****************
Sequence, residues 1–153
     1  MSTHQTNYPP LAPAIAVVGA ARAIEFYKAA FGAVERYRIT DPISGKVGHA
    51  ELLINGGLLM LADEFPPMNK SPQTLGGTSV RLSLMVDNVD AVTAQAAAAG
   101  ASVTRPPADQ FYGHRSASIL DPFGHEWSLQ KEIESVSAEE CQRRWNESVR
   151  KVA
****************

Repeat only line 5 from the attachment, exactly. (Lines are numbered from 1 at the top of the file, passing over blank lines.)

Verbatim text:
   151  KVA